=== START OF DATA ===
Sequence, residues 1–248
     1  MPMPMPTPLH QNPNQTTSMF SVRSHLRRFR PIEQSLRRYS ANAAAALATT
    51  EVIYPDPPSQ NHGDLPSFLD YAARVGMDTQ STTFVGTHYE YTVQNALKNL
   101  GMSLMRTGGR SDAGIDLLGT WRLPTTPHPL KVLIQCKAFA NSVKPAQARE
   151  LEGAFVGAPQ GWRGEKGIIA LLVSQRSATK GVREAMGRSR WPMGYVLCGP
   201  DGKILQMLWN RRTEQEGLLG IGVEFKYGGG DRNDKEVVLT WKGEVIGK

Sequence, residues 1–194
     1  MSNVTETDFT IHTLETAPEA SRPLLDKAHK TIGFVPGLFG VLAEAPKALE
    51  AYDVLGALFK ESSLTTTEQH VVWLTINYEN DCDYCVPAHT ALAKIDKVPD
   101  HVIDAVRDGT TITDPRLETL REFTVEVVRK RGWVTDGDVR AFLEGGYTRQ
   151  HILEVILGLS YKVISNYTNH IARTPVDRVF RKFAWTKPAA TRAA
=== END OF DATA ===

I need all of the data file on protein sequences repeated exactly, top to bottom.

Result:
Sequence, residues 1–248
     1  MPMPMPTPLH QNPNQTTSMF SVRSHLRRFR PIEQSLRRYS ANAAAALATT
    51  EVIYPDPPSQ NHGDLPSFLD YAARVGMDTQ STTFVGTHYE YTVQNALKNL
   101  GMSLMRTGGR SDAGIDLLGT WRLPTTPHPL KVLIQCKAFA NSVKPAQARE
   151  LEGAFVGAPQ GWRGEKGIIA LLVSQRSATK GVREAMGRSR WPMGYVLCGP
   201  DGKILQMLWN RRTEQEGLLG IGVEFKYGGG DRNDKEVVLT WKGEVIGK

Sequence, residues 1–194
     1  MSNVTETDFT IHTLETAPEA SRPLLDKAHK TIGFVPGLFG VLAEAPKALE
    51  AYDVLGALFK ESSLTTTEQH VVWLTINYEN DCDYCVPAHT ALAKIDKVPD
   101  HVIDAVRDGT TITDPRLETL REFTVEVVRK RGWVTDGDVR AFLEGGYTRQ
   151  HILEVILGLS YKVISNYTNH IARTPVDRVF RKFAWTKPAA TRAA